Northern naked-tailed armadillo
other common names
This species has a head-body length of 30–38 cm and a tail of 13–18 cm. It weighs 2–3.5 kg. Its dark gray carapace has a clear, pinkish band around its lower part and 11–13 movable bands. As the common name of this species implies, its tail is naked, i.e., it is only covered with thin, widely spaced plates, but lacks the complete armor present in other armadillos. Its ears, of 3–3.7 cm length, are moderately large and funnel-shaped, with their posterior face naked. The eyes are extremely small.
The northern naked-tailed armadillo ranges from southern Mexico, through Central America, to western Colombia, north-western Ecuador and north-western Venezuela. It occurs only west of the Andes, from sea level to around 3,000 m asl.
HaBITAT and ECOLOGy
Cabassous centralis occurs in dry, to moderately moist (mesic), deciduous, and semi-deciduous forests, at forest edges in rocky terrain and in open habitats such as dry savanna. It has also been recorded in tropical moist montane forests, as well as in the subparamo of the Colombian Central Andean highlands. It can be found in secondary forest habitat, and also tolerates a moderate mix of forest and agricultural land.
It is a solitary and nocturnal species, adapted to digging and life underground, because of which it is considered more fossorial than most other armadillo species. It rotates its body while digging its burrow. It is apparently rare and patchily distributed. Individuals are not commonly seen or captured, which may be due to its markedly fossorial habits.
The northern naked-tailed armadillo probably gives birth to a single young; nevertheless, information on its reproduction is scarce.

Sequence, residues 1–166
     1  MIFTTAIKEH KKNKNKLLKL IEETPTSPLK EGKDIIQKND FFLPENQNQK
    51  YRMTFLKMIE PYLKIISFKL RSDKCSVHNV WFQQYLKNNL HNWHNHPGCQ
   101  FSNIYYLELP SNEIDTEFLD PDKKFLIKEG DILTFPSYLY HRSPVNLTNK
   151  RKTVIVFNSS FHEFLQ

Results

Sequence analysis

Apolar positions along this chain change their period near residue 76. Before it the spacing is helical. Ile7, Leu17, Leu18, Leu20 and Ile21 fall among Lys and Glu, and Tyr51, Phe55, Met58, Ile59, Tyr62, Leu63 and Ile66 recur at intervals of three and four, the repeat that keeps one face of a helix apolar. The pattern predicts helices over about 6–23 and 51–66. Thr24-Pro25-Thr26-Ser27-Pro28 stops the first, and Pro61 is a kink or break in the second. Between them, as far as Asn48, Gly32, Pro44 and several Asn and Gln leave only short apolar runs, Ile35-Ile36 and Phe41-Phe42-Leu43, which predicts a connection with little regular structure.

Cabassous centralis is insectivorous. It mainly feeds on ants and termites.
In parts of its range in Mexico, the species is thought to be poisonous, although this local belief is not substantiated by scientific research.
The exact threats to this species are not known. Throughout most of its range, C. centralis is not hunted for food because of its pungent odor and local beliefs. The species is, however, hunted in some parts of its known Andean distribution. Some Andean populations are facing severe impacts due to urbanization of their natural habitat. Although its sensitivity to habitat loss is not known and the species seems to tolerate some degree of habitat degradation, it seems to prefer primary, well-preserved forests. The severe habitat transformations are therefore likely to have a negative impact on the species. Furthermore, automobiles seem to be a major threat in human-dominated landscapes, with C. centralis representing 2% of the road kills of vertebrates in certain areas of Colombia.
Cabassous centralis is listed as Data Deficient due to limited knowledge on the current status of extant populations and a lack of available information on the impacts of habitat loss and other threats. Habitat destruction is, however, advancing at a fast pace throughout the range of C. centralis, which may soon justify its classification as Vulnerable under criterion A4c.